Isner also believes that it’s not just individuals committing crimes, but the systems of power that put people on a path to prison. He believes Alabama could have used its COVID funding to ensure that schools are adequately funded, so fewer young people are susceptible to incarceration through the school-to-prison pipeline.
“The state doesn’t have the dignity to admit we have a systemic justice problem and that we can do better,” Isner said. “Alabama should allow this money to help fix rural and urban poverty. My tradition wants me to think of giving mercy to those who’ve made a mistake and creating equity. Building prisons doesn’t make any of that possible.”
Those who have essentially been robbed of COVID funds are disproportionately Black communities, families with multiple children – like the Eisenbergs – and the elderly people living on fixed incomes.
“If Alabama had redirected these funds to help others, it would change the odds,” Isner said. “We want to move the needle. Instead, we are paying to punish people – and that’s tough.”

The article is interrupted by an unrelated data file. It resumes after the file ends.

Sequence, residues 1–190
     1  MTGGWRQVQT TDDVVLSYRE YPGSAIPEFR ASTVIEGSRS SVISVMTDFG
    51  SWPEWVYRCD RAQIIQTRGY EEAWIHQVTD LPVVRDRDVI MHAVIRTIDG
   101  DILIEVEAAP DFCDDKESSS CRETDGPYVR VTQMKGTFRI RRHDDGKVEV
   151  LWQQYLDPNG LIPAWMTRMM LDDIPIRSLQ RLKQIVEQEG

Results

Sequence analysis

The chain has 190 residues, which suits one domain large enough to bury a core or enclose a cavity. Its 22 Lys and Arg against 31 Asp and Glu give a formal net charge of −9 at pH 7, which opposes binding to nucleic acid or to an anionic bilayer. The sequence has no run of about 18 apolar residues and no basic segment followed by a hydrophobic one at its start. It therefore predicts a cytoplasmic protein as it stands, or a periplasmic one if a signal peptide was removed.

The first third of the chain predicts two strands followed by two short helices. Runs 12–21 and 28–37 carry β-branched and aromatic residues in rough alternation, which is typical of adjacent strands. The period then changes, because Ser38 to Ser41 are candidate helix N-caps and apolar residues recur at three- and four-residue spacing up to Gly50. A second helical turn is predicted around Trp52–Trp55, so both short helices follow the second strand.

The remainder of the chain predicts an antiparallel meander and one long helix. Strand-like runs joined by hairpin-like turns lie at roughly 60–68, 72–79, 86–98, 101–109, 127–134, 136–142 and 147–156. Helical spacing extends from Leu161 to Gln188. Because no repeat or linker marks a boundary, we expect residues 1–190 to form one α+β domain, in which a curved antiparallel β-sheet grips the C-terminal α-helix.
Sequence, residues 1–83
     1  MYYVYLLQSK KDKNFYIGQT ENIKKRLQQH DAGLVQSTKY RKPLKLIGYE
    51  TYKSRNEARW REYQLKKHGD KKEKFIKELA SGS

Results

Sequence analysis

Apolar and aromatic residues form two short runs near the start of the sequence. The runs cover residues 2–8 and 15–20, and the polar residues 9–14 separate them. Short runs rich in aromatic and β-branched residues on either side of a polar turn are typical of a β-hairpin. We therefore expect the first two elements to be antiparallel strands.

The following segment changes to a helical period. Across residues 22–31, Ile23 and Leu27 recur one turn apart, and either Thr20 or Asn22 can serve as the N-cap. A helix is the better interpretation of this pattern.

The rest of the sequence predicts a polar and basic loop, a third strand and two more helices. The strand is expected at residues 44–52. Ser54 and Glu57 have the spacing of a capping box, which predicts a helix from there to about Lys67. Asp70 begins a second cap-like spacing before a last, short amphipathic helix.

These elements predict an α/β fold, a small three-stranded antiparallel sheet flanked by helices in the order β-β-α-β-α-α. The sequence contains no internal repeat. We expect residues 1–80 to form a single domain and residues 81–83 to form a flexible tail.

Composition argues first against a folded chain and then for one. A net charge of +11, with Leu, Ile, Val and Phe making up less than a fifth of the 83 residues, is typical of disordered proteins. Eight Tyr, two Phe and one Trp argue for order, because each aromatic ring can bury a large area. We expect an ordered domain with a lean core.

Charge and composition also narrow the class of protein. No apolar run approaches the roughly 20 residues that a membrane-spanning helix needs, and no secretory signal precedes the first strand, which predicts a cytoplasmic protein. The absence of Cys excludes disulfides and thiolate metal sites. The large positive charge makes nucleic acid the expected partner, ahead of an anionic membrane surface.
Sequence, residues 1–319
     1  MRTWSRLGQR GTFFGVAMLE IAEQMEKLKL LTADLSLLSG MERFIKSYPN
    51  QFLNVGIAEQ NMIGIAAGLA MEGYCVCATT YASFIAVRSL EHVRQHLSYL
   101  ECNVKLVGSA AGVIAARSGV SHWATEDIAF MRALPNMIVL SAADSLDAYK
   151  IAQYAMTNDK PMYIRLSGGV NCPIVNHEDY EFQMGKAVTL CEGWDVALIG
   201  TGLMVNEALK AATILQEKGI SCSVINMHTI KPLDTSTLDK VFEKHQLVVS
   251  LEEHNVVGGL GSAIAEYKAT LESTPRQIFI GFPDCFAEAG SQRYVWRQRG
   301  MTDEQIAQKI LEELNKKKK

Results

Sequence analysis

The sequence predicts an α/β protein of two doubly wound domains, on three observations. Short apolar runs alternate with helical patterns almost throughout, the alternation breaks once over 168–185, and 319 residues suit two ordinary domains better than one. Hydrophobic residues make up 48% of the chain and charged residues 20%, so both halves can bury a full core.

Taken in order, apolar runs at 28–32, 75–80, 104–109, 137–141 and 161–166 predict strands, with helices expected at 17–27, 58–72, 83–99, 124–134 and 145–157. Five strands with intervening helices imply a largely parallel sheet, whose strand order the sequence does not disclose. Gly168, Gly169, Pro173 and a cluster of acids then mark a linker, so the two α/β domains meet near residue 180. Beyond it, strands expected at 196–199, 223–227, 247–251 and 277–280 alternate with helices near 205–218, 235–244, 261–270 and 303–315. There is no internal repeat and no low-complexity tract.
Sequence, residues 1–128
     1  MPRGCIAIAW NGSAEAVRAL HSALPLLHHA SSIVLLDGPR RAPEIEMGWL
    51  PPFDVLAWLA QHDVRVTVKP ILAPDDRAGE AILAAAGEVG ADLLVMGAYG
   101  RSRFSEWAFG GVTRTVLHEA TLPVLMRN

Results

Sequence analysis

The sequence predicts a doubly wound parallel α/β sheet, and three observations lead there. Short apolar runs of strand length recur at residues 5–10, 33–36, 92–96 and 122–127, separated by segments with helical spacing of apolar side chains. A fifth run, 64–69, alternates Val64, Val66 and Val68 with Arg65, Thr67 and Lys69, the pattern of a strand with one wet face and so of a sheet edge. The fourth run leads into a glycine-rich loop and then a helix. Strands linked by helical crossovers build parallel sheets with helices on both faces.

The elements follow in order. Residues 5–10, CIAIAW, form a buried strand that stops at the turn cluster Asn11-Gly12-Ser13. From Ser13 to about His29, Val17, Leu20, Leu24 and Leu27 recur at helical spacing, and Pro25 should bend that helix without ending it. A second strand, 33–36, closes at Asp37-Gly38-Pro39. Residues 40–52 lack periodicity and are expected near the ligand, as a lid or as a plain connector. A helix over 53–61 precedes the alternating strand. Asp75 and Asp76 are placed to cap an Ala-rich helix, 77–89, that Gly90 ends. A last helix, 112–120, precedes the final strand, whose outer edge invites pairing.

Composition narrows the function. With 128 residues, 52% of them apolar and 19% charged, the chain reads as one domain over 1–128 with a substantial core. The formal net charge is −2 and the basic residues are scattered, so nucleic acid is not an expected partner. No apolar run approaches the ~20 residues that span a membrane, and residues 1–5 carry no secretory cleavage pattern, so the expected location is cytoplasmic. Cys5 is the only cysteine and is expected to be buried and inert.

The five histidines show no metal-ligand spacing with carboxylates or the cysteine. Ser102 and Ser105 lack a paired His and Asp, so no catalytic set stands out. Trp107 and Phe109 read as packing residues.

From poverty to prison
Jay Williams, program coordinator for the Low Income Housing Coalition of Alabama, is concerned with how the state has ignored affordable housing during a time when inflation is rising.
“Currently, Alabama lacks 73,000 affordable homes that haven’t been built,” Williams said. “The flexibility of these funds could’ve been applied to a broad variety of housing activities, such as Section 8 housing and other housing insecurities within the state.”
Williams, like Eisenberg, is appalled by the state of Alabama’s prisons.
“There’s no denying that Alabama’s prisons are horrific,” Williams said. “We’re bordering on human rights violations and opting to employ cruel and unusual punishment behind bars. People die of heatstroke, by suicide and by preventable health conditions that go ignored inside of our prison network.”
But Williams calls poverty the “most pervasive cause of crime.” With poverty, people cannot provide for themselves.
His solution? Invest in affordable housing – not prisons.
“In order to prevent crime – the goal of the criminal justice system – we have to invest in resources, like homes and affordable housing,” Williams said. “Stability is then just steps away.”
The stability that Eisenberg wants for her life is so far out of reach, however, that she and her family of six are barely surviving, even as the prison system is preparing to embark on a construction spree.
“Basically, you’re in prison for being poor,” she said. “And if there’s one thing that’s clear, it’s that Alabama doesn’t care.”
Photo at top: Jenny Eisenberg (Credit: Hillary Andrews)